Eat well and wisely :: Ditch the Standard American Diet and eat real food.  Make your noon meal the largest of the day rather than your biggest meal being a few hours before you are going to try to sleep.  Digesting a large meal will keep you awake and unable to drift off to sleep.

Make your bedroom a restful place :: Keep your bedroom free from unnecessary clutter and distractions.  Remove the TV and designate another area of your house for your desk and computer (or put them behind doors if they must stay in your room) so as to free your mind from thinking about work and other things.

Limit caffeine (or better yet, quit it all together) :: Use coffee, pop, caffeinated teas and even chocolate in moderation.  Caffeine is a powerful stimulant.  Even if you only drink caffeine in the mornings, it makes it more difficult to fall asleep at night and affects the quality of sleep that you are able to get.  It is difficult to quit (I know! I used to be a Diet Coke junkie.) but it’s worth it.  Check this out for inspiration!

If you can’t get going in the mornings without your cup of joe, try Dandelion Root tea as a worthy coffee alternative.  Do the same only make iced tea as a replacement for Diet Pop!  Dandelion Root tea sounds odd perhaps, but it’s yummy!

What about those less-than-ideal nights?

Unfortunately, we all know the frustration of a short night’s sleep. Whether it’s a new baby, sick kids, noisy neighbors or irritating insomnia, we’ve all been there. Here are two tips for surviving those terrible nights:

Don’t worry :: The stress and anxiety over getting a poor night’s sleep will actually be harder on you mentally and physically than the poor night’s sleep itself. Practice an attitude of acceptance and go about your day. Try to remain as positive and optimistic as possible and you’ll get through a less-than-ideal day much more ideally!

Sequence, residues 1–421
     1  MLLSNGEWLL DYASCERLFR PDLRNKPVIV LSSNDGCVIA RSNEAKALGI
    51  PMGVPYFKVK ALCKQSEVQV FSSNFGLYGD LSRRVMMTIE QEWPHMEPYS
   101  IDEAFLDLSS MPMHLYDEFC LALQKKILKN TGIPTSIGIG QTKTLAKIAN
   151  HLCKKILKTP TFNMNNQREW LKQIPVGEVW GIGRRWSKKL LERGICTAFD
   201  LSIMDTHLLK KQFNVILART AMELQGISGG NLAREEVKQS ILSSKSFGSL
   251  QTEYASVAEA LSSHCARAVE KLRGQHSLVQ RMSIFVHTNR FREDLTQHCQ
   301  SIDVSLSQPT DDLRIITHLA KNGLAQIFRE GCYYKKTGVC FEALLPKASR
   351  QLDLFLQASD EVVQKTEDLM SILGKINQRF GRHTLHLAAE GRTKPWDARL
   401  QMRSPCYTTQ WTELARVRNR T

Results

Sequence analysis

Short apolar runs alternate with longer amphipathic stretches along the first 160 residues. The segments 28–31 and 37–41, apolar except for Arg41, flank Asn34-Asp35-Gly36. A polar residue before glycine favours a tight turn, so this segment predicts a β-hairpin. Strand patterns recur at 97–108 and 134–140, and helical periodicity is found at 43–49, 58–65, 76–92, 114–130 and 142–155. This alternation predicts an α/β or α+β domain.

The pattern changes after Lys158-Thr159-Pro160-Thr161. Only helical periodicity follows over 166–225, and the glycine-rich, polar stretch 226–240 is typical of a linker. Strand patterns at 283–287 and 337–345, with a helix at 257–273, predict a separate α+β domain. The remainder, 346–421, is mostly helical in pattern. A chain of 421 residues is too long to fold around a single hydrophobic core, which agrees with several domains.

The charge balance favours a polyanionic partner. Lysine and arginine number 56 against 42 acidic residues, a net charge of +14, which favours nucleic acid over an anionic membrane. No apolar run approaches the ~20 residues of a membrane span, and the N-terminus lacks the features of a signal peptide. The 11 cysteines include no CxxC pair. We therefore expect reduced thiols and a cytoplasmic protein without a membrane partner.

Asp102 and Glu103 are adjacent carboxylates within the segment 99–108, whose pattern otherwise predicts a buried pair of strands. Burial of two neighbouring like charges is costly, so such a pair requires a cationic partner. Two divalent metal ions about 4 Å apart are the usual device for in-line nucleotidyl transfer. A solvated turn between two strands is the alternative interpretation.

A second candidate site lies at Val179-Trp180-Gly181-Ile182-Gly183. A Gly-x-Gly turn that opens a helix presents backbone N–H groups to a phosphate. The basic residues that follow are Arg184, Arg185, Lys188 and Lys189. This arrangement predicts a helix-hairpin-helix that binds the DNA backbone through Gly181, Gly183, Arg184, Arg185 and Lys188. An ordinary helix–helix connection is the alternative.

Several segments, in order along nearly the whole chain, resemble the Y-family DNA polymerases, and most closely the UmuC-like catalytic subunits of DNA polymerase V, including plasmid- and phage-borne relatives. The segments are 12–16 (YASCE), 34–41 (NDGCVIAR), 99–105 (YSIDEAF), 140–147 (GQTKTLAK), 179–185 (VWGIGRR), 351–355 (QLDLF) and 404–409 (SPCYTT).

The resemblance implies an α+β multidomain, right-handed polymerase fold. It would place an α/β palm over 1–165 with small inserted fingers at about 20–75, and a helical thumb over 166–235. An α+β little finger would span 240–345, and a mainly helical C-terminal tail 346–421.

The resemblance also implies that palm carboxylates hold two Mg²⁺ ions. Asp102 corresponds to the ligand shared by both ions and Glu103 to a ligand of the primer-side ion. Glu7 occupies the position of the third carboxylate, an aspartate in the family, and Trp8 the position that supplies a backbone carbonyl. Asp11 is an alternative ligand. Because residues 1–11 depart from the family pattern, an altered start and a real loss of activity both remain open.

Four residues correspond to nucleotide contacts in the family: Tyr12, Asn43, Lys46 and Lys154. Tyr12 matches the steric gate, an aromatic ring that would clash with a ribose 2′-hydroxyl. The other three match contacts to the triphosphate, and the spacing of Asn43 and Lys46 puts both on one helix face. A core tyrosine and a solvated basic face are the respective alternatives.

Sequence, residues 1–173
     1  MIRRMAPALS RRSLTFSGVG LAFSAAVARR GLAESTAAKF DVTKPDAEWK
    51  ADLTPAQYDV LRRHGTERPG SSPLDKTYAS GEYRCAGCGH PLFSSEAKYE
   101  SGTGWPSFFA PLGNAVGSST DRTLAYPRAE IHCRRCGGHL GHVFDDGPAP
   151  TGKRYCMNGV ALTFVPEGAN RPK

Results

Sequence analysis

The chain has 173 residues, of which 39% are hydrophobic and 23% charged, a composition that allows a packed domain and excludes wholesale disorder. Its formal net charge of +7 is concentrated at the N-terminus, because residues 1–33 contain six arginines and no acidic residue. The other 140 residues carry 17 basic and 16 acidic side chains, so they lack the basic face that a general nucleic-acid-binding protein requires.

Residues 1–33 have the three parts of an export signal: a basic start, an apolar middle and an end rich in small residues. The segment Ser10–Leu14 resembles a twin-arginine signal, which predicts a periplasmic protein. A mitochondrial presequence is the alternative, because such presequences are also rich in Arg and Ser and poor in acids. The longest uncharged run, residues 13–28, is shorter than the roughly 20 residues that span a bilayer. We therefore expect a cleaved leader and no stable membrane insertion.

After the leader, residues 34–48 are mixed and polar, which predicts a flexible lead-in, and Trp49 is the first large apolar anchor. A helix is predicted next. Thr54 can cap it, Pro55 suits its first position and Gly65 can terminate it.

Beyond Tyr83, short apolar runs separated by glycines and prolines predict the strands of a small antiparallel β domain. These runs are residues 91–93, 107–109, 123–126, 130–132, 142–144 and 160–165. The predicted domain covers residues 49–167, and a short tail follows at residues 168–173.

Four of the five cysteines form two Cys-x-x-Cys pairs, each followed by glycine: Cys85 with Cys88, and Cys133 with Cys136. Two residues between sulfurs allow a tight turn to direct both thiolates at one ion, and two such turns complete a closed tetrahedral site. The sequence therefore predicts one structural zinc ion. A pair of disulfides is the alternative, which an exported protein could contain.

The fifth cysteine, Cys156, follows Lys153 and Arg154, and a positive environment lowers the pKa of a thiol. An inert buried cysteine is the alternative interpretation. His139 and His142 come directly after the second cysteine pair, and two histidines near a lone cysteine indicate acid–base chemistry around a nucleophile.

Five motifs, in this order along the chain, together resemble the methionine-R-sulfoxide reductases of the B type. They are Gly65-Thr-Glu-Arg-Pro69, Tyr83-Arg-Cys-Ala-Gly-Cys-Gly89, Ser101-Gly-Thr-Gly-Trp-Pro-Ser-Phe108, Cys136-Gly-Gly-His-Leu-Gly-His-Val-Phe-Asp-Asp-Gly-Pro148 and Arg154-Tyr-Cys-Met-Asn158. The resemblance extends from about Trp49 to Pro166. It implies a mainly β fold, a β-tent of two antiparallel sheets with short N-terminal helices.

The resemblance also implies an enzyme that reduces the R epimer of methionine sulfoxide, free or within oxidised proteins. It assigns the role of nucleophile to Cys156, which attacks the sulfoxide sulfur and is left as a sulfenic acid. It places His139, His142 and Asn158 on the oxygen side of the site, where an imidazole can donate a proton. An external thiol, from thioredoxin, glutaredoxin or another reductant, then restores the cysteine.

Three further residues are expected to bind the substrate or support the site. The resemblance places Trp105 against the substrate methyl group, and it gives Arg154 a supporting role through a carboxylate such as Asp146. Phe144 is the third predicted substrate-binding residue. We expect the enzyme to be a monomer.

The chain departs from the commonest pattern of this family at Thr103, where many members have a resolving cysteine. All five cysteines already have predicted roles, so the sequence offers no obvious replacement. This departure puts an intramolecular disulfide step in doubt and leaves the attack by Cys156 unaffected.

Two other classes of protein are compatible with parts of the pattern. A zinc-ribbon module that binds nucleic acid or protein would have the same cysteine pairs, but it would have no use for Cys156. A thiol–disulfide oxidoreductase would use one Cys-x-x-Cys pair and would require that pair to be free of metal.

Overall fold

Strategic naps will save you :: Even if you’re not necessarily a nap taker, a strategic nap will help you get through your day, minimizing your struggle from a poor night’s sleep.  Getting a 10 – 20 minute nap (or two, if necessary, one in the morning and one in the afternoon) will help you feel refreshed and energized, ready for the next portion of your day.  Be careful, however.  Napping anywhere from 30 minutes to 2 hours puts your body through sleep cycles that will cause you to wake up feeling groggy and perhaps worse than you felt before.  Aim for the power nap to get you through your day.

We all know how wonderful we feel after a great night’s sleep, and unfortunately, we all know how terrible we feel when we sleep poorly.  In our fast-paced, over-worked and stressed-out society, getting a good night’s sleep is crucial.  Our bodies, minds and souls depend on our ability to sleep for rejuvenation, repair and restoration.

Make a New Year’s Resolution to make sleep a priority this year! Your mind and body will thank you.

What tips do you have for getting a great night’s sleep? How do you make sleep a priority?

Top image by pedrosimoes7